grassfields-cheese-50b115a61d45e028a800028aThe recalled cheeses were sold from the firm’s retail store at 14238 60th Ave., Coopersville MI 49404, to wholesale and retail customers, and to consumers nationwide via sales through the firm’s website: http://www.Grassfieldsscheese.com/.

Owned by the same family since 1882, Grassfields Cheese switched from confinement farming to grass-based pasture farming in 1991. They added artisan cheeses and a farm store in 2002. And in 2007, they were certified as an organic dairy.

Not your parents wedding: Shotgun metagenomics for STECs in spinach

This from a poster presented at the International Association for Food Protection annual meeting this week in St. Louis.

shotgun_wedding-620x413-300x200Introduction: Consumption of fresh bagged spinach contaminated with Shiga toxin-producing Escherichia coli (STEC) has led to severe illness and death. Since not all STEC strains are considered human pathogens, virulence characterization of STEC strains is important. Shotgun metagenomics may provide a rapid method to detect, obtain virulence gene information, and determine strain identification and phylogenetic relatedness.

Purpose: The objective of this study was to evaluate the comprehensiveness of a metagenomics approach for detection and strain level identification of STEC on bagged spinach using pathogenic STEC strains of a variety of serotypes and Shiga toxin subtypes.

Methods: Bagged spinach was spiked with one of 12 STEC strains at a level of 0.1 CFU/g spinach and processed according to the U.S. FDA BAM protocol. Sequencing data generated from each sample was used to determine molecular serotype and STEC-specific virulence genes by BLAST analysis, identify the microbial communities present in the enriched sample using a discriminative k-mer method, and perform E. coli core gene SNP analysis on de novo assemblies of the metagenomic sequencing data.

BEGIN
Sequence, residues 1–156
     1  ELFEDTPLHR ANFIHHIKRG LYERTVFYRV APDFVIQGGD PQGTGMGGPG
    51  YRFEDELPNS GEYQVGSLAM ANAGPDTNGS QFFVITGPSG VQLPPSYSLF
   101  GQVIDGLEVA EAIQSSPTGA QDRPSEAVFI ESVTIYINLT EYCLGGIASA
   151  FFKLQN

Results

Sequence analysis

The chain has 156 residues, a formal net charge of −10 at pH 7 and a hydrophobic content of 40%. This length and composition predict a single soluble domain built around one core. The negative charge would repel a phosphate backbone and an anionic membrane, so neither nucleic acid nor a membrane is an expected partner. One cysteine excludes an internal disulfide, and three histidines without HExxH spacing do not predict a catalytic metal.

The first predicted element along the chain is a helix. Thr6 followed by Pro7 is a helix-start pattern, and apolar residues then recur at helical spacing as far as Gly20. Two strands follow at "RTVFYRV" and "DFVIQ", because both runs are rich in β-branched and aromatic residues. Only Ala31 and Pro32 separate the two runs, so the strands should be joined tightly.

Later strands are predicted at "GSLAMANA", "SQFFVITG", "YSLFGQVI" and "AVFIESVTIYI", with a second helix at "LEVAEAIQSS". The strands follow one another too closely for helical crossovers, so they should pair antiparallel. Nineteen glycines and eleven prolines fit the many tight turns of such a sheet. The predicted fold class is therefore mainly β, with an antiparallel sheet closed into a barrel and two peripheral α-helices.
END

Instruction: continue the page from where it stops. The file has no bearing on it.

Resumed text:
Results: Bacterial community analysis determined that E. coli was a major component of the population in most samples, but molecular serotyping using the metagenomic data revealed the presence of indigenous E. coli in some samples. Despite the presence of additional E. coli strains, the serotype and virulence genes of the spiked STEC, including correct Shiga toxin subtype, were detected in 92% of the samples. E. coli core gene SNP analysis of the metagenomic sequencing data correctly placed the spiked STEC in a phylogeny of related strains in cases where the indigenous E. coli did not predominate.

Significance: Utilizing a shotgun metagenomics approach to characterize STEC contaminating bagged spinach may expedite the time necessary to ascertain the risk level to public health and response time during outbreaks.

 Evaluation of the use of shotgun metagenomics sequencing for detection and strain level discrimination of Shiga toxin producing Escherichia coli contamination on fresh bagged spinach

Susan Leonard, U.S. Food and Drug Administration, Laurel, MD, Mark Mammel, U.S. Food and Drug Administration, Laurel, MD, David Lacher, U.S. Food and Drug Administration, Laurel, MD, Christopher Elkins, U.S. Food and Drug Administration, Laurel, MD

https://iafp.confex.com/iafp/2016/webprogram/Paper11398.html